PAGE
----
Understanding Canvas Rotation

by Geoff Blair, 2013 Aug 30

From time to time, we get reader or listener email asking about various aspects of developing games in HTML5. Instead of responding directly, we prefer to put the answers up on our blog in case the information can help other developers.

Transformations in canvas can be tricky to understand at first. Conceptually, most people tend to think about rotating and scaling individual images. They’re often surprised and confused when the canvas API transforms their entire game when calling .rotate or .scale.

The only way to transform images in canvas is by modifying the entire canvas. The trick is that you need to modify the canvas context just before you draw a transformed image and reset it right after. This is where the .save and .restore methods come in.

Saving a canvas context stores the current configuration, including transformations (or lack thereof). Restoring a canvas context does just the opposite, resetting the current configuration to the last saved state.

Another gotcha for transformation is that by default, all transformations occur from the origin of 0, 0 on the canvas, which is the upper left. The most common use case for rotation and scaling is from the center of an individual image such as a game sprite. Luckily, there’s another canvas method we can use to change the transformation origin, .translate.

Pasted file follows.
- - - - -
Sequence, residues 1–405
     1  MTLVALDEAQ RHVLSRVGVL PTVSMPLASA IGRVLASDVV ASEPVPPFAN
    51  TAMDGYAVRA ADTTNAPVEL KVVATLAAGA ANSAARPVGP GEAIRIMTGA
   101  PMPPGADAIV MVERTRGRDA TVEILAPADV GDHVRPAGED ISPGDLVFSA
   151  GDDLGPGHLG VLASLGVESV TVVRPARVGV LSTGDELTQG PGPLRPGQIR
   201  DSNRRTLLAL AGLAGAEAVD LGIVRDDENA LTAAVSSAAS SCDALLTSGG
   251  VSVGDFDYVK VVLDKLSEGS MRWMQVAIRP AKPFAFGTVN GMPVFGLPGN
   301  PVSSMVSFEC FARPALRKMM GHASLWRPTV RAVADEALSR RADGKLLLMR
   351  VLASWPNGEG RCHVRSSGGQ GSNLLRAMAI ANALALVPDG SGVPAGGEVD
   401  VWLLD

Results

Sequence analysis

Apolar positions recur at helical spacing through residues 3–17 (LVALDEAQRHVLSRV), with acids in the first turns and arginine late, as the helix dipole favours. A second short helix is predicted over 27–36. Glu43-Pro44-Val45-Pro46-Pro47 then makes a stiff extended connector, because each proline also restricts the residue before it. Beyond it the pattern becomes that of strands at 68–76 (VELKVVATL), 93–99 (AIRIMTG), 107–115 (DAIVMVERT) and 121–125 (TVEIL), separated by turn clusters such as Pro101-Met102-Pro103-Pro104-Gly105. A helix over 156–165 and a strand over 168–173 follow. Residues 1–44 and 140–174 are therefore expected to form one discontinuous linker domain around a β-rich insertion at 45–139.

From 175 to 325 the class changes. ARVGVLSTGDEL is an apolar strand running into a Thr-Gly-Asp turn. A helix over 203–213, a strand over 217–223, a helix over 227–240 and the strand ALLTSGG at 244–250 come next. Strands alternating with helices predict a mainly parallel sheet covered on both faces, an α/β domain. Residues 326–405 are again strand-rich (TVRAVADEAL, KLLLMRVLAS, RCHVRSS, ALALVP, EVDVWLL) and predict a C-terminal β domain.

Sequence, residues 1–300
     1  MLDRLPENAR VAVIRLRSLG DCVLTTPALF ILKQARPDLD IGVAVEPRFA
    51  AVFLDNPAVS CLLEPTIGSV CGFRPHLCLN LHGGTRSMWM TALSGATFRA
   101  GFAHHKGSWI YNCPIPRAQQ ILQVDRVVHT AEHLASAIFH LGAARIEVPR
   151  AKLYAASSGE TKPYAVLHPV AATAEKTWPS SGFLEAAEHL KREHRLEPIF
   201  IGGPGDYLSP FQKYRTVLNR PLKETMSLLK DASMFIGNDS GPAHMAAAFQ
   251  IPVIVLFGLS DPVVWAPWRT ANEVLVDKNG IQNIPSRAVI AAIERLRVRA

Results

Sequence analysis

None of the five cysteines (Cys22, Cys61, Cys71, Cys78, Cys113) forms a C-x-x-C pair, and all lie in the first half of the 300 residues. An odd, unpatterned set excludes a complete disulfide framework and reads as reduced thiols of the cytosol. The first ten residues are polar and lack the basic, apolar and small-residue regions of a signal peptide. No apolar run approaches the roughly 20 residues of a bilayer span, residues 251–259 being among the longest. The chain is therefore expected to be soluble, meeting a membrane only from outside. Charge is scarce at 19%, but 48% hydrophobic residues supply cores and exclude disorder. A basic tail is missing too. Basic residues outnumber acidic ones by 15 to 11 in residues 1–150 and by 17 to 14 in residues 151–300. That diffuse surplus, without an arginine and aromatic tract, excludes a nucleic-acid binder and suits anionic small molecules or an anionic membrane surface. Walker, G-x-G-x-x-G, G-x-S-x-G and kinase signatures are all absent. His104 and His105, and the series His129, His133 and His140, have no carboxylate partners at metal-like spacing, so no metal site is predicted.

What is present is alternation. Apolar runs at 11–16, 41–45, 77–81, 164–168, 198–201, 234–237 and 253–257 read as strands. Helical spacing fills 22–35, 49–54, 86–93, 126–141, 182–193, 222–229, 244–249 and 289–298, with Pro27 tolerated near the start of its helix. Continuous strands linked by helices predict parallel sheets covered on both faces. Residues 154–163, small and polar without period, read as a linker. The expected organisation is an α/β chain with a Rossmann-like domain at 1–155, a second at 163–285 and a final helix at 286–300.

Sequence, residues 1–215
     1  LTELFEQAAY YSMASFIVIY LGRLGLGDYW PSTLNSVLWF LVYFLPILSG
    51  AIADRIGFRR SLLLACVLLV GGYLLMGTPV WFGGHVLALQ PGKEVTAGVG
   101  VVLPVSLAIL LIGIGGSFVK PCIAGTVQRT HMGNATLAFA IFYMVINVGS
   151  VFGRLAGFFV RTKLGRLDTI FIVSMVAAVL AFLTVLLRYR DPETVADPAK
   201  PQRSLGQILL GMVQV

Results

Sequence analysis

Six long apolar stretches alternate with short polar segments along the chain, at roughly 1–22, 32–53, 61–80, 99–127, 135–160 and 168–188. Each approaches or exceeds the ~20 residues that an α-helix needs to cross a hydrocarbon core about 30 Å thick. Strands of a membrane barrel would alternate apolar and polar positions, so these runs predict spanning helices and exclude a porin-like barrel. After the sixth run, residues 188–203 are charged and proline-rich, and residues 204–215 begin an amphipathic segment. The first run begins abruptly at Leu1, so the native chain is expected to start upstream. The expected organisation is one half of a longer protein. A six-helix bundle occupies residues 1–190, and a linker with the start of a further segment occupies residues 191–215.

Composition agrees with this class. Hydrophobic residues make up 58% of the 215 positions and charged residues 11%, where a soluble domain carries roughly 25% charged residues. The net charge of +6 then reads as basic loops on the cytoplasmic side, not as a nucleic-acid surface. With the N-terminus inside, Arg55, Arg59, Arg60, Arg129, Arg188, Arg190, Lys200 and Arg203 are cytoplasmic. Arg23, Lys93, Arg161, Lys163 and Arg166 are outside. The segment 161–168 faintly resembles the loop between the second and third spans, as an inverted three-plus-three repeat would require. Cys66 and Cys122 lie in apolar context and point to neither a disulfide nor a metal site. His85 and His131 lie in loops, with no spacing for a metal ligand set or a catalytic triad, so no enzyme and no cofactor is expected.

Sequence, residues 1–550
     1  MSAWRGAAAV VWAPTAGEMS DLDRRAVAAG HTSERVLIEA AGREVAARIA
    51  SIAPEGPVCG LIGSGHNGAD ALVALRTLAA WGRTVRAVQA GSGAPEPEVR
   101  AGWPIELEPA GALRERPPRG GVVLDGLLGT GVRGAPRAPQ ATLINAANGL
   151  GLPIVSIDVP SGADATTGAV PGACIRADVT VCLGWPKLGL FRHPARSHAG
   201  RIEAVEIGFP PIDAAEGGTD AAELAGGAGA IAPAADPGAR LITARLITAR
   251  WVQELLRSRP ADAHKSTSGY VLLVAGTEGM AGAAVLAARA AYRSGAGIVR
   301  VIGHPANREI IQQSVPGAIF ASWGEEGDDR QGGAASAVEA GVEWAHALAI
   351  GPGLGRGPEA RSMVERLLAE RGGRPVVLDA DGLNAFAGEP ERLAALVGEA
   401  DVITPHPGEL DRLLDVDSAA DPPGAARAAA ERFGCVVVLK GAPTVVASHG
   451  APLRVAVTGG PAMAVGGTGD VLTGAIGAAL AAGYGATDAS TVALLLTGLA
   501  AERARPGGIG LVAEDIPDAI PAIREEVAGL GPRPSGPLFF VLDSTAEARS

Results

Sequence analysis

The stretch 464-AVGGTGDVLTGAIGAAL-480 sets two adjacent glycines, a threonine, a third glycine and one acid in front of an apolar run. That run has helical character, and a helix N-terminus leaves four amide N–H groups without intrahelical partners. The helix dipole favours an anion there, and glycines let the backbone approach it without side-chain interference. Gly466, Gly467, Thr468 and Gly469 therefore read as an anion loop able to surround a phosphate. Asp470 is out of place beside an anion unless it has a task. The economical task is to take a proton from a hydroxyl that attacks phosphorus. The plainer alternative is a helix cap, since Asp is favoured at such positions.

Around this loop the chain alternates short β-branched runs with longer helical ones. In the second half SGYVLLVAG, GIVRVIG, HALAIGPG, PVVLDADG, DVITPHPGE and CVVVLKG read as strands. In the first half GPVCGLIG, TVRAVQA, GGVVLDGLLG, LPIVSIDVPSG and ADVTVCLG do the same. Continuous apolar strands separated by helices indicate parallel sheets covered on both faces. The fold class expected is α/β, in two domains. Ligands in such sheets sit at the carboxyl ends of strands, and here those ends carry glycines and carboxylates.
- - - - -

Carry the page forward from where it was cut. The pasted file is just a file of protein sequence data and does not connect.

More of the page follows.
Let’s take a look at how we’d achieve a simple rotation of a rectangle. Inline comments in the code explain what’s happening in more detail.

// Create our canvas
// Append it to the document body
var stage = document.createElement("canvas");
stage.width = 320;
stage.height = 240;

// Grab a reference to the canvas' 2D context
var ctx = stage.getContext("2d");

// Paint a background color
ctx.fillStyle = "cornflowerblue";
ctx.fillRect(0, 0, stage.width, stage.height);

// Draw a non-transformed red rectangle on the left
ctx.fillStyle = "red";
ctx.fillRect(40, 80, 80, 80);

// Now, let's draw a rotated
// yellow rectangle on the right
// First, let's save our canvas context in order to
// easily restore it after our transformations

// Next, we'll translate (move the origin) to the
// center of where we'll be drawing the rectangle
ctx.translate(240, 120);

// Any transformations applied from here on out
// will be relative to the origin of 240, 120
// Note that we're using radians to specify rotation
ctx.rotate(Math.PI / 4); // 45 degrees

// If we desired to scale the rectangle
// 1.5x normal size on both the x and y axis
// ctx.scale(1.5, 1.5);

// Now we're ready to draw our rectangle
// The difference this time is that our coordinates
// are relative to the origin, just like .rotate
ctx.fillStyle = "yellow";
ctx.fillRect(-40, -40, 80, 80);

// Finally, we restore our canvas context so
// that subsequent draws are not transformed

Tada! A rotated rectangle without rotating the entire canvas.

A simple example of a transformed rectangle in canvas

Here’s a gist of the entire sample code. Check out this canvas graphics article on MDN for more information.

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